One way that people circumvent this issue is by donating to charitable organizations. This runs on the belief that organizations can effectively use the money to make a greater impact than any one individual can—after all, the average person can’t really volunteer to perform heart surgery or travel to war-ravaged areas to provide assistance. Donations are well-intentioned actions, but they don’t always generatethe best outcomes. In a classic example of such ineffectiveness, it takes about $42,000 to train a guide dog to help a blind person. It would theoretically take the same amount of money to fund eye surgeries to restore the sight of 1,344 people in Africa who suffer from trachoma. As UChicago students, we are exposed to a lot of theory in our coursework, including theory about what it is to be human, and why we should be good. At the same time, competitive finance culture at UChicago means we are also exposed to the econ bro’s mantra of efficiency. I think we can agree that the wish to improve lives, when combined with reason and a pinch of utilitarianism, provides the pursuit of giving much-needed direction. This is the concept of effective altruism, popularized by Peter Singer. It is the lovechild of philosophy and economics—using evidence to find the most effective ways to benefit others. UChicago’s Effective Altruism club was reinitiated last year. Though they might seem strange bedfellows, efficiency and altruism bridge the pragmatism of UChicago economics and the idealistic bent of the philosophy propagated in Hum and Sosc.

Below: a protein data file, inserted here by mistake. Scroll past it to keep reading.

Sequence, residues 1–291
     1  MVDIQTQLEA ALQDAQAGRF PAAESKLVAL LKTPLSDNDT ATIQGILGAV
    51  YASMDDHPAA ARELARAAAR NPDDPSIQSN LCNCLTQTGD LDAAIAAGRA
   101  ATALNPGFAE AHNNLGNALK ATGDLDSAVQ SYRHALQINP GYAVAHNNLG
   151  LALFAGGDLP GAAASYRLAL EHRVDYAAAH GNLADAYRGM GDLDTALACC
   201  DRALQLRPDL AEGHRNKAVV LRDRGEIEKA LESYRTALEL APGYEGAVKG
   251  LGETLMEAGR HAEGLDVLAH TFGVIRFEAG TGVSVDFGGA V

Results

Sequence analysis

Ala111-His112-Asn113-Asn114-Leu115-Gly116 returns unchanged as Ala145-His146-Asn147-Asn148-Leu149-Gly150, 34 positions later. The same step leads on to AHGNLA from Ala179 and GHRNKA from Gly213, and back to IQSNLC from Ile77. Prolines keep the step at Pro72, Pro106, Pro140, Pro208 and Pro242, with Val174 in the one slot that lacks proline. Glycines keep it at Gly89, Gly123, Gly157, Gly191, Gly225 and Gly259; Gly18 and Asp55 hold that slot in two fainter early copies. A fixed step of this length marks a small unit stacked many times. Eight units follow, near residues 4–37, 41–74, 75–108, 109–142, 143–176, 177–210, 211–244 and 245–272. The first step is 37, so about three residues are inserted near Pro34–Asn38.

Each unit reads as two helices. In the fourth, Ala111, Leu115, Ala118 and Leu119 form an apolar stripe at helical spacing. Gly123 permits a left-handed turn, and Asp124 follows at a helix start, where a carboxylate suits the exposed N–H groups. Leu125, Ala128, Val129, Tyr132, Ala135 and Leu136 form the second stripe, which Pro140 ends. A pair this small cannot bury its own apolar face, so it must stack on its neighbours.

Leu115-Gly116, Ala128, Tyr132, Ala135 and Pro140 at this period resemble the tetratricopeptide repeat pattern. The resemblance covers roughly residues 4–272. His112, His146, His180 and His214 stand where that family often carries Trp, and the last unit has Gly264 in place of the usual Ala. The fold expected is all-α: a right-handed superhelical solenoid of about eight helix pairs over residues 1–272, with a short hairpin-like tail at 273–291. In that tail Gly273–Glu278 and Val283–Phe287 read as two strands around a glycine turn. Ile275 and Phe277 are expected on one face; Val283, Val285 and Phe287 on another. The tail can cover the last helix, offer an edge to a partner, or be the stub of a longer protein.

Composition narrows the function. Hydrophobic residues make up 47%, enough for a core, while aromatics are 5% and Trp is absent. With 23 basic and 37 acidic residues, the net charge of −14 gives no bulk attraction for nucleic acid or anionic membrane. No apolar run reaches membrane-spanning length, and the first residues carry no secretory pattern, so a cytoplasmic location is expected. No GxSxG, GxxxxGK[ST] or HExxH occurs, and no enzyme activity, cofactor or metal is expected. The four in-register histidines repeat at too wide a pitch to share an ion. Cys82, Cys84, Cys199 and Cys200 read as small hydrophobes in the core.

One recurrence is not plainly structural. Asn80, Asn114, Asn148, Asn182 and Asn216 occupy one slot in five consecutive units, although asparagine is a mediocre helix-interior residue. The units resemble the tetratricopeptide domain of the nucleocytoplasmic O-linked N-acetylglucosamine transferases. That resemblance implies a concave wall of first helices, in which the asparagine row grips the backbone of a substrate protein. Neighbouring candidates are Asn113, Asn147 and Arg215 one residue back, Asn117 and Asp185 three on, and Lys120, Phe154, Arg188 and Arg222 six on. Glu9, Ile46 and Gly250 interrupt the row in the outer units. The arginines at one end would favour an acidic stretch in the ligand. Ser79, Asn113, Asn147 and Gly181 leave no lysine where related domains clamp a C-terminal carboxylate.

Fortunately, the heavy lifting has already been done for us. Organizations like The Life You Can Save, started by Singer, and GiveWell have done rigorous research to find the charities that do the most good per dollar spent. What’s more, this research is publicly available. Most of the charities researched deal with human diseases and health, but there is no shortage of similar research organizations for issues of animal advocacy and climate change.
We’re in the midst of a heavy gift-shopping season. If you’re buying holiday presents, you might want to consider making a donation in the recipient’s name instead of getting them a shirt or a PS4 or a Canada Goose. If you’re like me and don’t celebrate Christmas, the next time you’re shopping—whether for a birthday, cultural or religious celebration, or just impulse shopping after that one promotional email slipped through the UChicago email quarantine system—put some potent, goodness-maximizing, efficient giving in your cart. Pay more than just lip service to making the world a better place—post it on social media, tell your friends and family. Write about it. You might be virtue signaling, but so what? If that makes more people donate, it is nothing to be ashamed of. Use that brain that has conquered P-sets and essays and the heart that school hasn’t sucked all the life out of yet. Speaking of heart—as much as I denigrate finance bros, your six-figure salaries will give you considerable latitude for generosity. As critical thinkers, we can take our generosity a step further and really make it count.